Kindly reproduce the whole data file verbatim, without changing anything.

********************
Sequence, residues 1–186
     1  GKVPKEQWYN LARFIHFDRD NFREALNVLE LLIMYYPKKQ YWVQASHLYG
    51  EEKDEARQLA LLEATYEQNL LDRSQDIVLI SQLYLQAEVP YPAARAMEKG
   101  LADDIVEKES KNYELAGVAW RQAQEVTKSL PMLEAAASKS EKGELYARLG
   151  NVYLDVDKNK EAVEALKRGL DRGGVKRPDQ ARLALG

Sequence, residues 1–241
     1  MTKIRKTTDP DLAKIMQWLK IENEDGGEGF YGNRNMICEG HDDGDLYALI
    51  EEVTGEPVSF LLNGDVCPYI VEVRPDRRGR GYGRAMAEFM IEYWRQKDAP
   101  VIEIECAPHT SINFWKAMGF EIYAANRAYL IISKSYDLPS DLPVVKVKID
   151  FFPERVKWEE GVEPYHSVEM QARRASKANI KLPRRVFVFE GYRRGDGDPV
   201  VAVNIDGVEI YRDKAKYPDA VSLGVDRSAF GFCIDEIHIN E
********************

Sequence, residues 1–186
     1  GKVPKEQWYN LARFIHFDRD NFREALNVLE LLIMYYPKKQ YWVQASHLYG
    51  EEKDEARQLA LLEATYEQNL LDRSQDIVLI SQLYLQAEVP YPAARAMEKG
   101  LADDIVEKES KNYELAGVAW RQAQEVTKSL PMLEAAASKS EKGELYARLG
   151  NVYLDVDKNK EAVEALKRGL DRGGVKRPDQ ARLALG

Sequence, residues 1–241
     1  MTKIRKTTDP DLAKIMQWLK IENEDGGEGF YGNRNMICEG HDDGDLYALI
    51  EEVTGEPVSF LLNGDVCPYI VEVRPDRRGR GYGRAMAEFM IEYWRQKDAP
   101  VIEIECAPHT SINFWKAMGF EIYAANRAYL IISKSYDLPS DLPVVKVKID
   151  FFPERVKWEE GVEPYHSVEM QARRASKANI KLPRRVFVFE GYRRGDGDPV
   201  VAVNIDGVEI YRDKAKYPDA VSLGVDRSAF GFCIDEIHIN E